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1.  A comparison of two collapsing methods in different approaches 
BMC Proceedings  2014;8(Suppl 1):S8.
Sequencing technologies have enabled the investigation of whole genomes of many individuals in parallel. Studies have shown that the joint consideration of multiple rare variants may explain a relevant proportion of the genetic basis for disease so that grouping of rare variants, termed collapsing, can enrich the association signal.
Following this assumption, we investigate the type I error and the power of two proposed collapsing methods (combined multivariate and collapsing method and the functional principal component analysis [FPCA]-based statistic) using the case-control data provided for the Genetic Analysis Workshop 18 with knowledge of the true model. Variants with a minor allele frequency (MAF) of 0.05 or less were collapsed per gene for combined multivariate and collapsing. Neither of the methods detected any of the truly associated genes reliably. Although combined multivariate and collapsing identified one gene with a power of 0.66, it had an unacceptably high false-positive rate of 75%. In contrast, FPCA covered the type I error level well but at the cost of low power. A strict filtering of variants by small MAF might lead to a better performance of the collapsing methods. Furthermore, the inclusion of information on functionality of the variants could be helpful.
PMCID: PMC4143760  PMID: 25519408
2.  Genetic Analysis Workshop 18: Methods and strategies for analyzing human sequence and phenotype data in members of extended pedigrees 
BMC Proceedings  2014;8(Suppl 1):S1.
Genetic Analysis Workshop 18 provided a platform for developing and evaluating statistical methods to analyze whole-genome sequence data from a pedigree-based sample. In this article we present an overview of the data sets and the contributions that analyzed these data. The family data, donated by the Type 2 Diabetes Genetic Exploration by Next-Generation Sequencing in Ethnic Samples Consortium, included sequence-level genotypes based on sequencing and imputation, genome-wide association genotypes from prior genotyping arrays, and phenotypes from longitudinal assessments. The contributions from individual research groups were extensively discussed before, during, and after the workshop in theme-based discussion groups before being submitted for publication.
PMCID: PMC4143625  PMID: 25519310
3.  Identifying rare variants from exome scans: the GAW17 experience 
BMC Proceedings  2011;5(Suppl 9):S1.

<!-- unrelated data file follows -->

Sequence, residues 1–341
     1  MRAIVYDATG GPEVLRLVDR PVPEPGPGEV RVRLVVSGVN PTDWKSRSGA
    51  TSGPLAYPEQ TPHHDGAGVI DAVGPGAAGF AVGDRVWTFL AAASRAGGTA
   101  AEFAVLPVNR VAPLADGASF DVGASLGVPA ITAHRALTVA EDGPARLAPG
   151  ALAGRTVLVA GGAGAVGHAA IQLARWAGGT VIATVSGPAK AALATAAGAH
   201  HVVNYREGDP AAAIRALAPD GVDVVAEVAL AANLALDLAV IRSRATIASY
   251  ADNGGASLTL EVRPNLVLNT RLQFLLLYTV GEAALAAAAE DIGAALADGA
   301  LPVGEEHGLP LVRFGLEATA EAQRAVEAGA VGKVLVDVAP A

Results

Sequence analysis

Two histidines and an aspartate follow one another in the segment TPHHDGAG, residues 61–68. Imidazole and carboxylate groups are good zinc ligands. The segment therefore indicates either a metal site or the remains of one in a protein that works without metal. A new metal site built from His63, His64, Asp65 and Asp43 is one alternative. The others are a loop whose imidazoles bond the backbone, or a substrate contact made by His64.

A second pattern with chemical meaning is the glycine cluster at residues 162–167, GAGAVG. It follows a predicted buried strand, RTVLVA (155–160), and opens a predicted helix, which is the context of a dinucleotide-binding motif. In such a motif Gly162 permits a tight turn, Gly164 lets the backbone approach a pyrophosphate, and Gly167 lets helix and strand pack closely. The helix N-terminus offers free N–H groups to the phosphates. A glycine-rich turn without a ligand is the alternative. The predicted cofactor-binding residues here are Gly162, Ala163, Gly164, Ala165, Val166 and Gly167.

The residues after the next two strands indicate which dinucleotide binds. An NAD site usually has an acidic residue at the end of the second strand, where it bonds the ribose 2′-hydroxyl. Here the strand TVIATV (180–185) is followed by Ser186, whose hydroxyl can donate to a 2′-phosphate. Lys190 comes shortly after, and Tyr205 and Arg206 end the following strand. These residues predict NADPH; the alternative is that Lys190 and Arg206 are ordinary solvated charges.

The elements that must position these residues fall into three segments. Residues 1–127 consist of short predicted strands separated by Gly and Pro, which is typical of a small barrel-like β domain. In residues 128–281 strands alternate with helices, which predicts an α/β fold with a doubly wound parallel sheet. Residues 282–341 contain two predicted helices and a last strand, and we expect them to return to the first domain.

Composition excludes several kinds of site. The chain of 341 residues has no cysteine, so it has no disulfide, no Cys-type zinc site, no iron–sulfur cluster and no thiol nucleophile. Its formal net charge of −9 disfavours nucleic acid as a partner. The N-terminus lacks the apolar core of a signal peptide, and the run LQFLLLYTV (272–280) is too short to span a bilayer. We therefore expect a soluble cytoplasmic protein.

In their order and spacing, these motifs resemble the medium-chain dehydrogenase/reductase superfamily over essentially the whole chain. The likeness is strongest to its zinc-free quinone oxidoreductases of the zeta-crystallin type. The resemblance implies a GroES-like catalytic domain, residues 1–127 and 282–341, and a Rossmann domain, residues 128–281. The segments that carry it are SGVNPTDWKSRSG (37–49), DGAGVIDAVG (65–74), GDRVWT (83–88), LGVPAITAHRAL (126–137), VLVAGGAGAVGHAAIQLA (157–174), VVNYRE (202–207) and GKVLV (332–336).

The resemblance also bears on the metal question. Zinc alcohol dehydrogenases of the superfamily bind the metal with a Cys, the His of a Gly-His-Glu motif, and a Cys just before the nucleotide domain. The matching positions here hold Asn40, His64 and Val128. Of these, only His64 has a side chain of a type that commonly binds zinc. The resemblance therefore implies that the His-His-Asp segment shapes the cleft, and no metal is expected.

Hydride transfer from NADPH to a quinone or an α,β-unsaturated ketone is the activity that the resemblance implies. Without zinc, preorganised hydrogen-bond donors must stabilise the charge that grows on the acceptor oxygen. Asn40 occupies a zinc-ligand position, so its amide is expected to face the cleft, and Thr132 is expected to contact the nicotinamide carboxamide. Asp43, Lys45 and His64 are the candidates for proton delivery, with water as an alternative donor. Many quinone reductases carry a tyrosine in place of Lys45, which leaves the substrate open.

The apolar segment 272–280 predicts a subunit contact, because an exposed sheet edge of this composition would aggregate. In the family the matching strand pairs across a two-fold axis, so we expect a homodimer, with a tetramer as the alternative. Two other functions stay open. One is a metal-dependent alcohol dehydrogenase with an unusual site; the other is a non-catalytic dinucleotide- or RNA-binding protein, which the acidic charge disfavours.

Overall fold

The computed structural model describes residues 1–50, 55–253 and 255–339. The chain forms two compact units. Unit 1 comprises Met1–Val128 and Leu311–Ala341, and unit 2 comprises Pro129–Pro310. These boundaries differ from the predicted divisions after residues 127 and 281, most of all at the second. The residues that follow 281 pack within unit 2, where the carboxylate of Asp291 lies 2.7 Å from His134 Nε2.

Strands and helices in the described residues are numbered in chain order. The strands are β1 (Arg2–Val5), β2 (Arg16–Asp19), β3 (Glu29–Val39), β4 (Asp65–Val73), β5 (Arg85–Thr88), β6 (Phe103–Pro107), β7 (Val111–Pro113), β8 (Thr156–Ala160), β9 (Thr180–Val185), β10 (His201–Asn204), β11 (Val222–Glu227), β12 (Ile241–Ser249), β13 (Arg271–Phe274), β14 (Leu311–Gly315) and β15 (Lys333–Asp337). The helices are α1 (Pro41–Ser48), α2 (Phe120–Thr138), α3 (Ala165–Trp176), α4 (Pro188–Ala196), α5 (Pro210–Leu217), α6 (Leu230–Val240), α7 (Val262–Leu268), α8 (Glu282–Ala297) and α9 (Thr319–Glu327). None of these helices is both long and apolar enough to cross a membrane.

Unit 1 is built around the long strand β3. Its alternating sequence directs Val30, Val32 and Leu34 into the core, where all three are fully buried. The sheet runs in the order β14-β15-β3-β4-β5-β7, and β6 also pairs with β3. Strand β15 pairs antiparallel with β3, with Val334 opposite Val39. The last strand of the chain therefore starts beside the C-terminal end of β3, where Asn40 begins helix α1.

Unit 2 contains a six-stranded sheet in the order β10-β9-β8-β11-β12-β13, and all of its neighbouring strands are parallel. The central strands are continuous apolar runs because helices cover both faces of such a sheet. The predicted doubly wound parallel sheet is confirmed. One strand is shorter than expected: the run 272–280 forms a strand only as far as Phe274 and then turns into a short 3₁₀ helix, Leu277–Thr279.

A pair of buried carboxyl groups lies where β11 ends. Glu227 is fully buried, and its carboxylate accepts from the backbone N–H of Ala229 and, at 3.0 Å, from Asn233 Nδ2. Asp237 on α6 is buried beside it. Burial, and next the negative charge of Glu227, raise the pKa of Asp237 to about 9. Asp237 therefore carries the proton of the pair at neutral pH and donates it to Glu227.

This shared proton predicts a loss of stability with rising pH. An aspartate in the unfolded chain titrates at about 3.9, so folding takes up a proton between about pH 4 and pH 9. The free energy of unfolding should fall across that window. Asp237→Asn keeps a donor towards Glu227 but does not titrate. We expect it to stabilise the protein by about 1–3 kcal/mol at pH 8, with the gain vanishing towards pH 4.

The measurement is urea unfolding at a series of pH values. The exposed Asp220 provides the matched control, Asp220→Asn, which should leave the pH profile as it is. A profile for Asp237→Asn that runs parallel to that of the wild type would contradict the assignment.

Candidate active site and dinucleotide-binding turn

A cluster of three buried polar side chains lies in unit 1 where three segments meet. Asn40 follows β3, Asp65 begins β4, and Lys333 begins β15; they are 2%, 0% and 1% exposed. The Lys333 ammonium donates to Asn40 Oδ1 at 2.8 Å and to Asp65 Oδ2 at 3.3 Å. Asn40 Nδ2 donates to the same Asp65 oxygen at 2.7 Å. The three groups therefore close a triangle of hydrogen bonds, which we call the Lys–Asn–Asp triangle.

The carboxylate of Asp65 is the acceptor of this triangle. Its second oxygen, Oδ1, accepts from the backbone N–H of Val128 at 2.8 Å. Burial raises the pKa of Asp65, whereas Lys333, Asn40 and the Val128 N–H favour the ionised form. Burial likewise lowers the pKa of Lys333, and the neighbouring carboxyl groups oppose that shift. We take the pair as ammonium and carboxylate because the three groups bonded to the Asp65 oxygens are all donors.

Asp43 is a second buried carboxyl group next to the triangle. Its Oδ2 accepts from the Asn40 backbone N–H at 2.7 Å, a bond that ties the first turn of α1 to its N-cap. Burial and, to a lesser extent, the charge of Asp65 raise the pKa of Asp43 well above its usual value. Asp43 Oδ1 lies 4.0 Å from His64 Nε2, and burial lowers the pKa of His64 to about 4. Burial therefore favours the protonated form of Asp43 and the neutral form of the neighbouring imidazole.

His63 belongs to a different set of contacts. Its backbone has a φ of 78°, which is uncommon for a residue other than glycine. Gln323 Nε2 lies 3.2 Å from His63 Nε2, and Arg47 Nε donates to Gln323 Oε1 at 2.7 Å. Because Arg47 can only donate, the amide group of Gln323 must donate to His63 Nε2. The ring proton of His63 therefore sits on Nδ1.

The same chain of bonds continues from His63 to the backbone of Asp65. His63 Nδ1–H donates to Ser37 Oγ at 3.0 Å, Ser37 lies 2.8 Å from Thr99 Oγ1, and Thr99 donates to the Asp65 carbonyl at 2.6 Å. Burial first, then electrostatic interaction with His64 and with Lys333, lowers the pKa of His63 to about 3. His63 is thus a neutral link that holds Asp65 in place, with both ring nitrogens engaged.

Genetic Analysis Workshop 17 (GAW17) provided a platform for evaluating existing statistical genetic methods and for developing novel methods to analyze rare variants that modulate complex traits. In this article, we present an overview of the 1000 Genomes Project exome data and simulated phenotype data that were distributed to GAW17 participants for analyses, the different issues addressed by the participants, and the process of preparation of manuscripts resulting from the discussions during the workshop.
PMCID: PMC3287821  PMID: 22373325
4.  Comparison of collapsing methods for the statistical analysis of rare variants 
BMC Proceedings  2011;5(Suppl 9):S115.
Novel technologies allow sequencing of whole genomes and are considered as an emerging approach for the identification of rare disease-associated variants. Recent studies have shown that multiple rare variants can explain a particular proportion of the genetic basis for disease. Following this assumption, we compare five collapsing approaches to test for groupwise association with disease status, using simulated data provided by Genetic Analysis Workshop 17 (GAW17). Variants are collapsed in different scenarios per gene according to different minor allele frequency (MAF) thresholds and their functionality. For comparing the different approaches, we consider the family-wise error rate and the power. Most of the methods could maintain the nominal type I error levels well for small MAF thresholds, but the power was generally low. Although the methods considered in this report are common approaches for analyzing rare variants, they performed poorly with respect to the simulated disease phenotype in the GAW17 data set.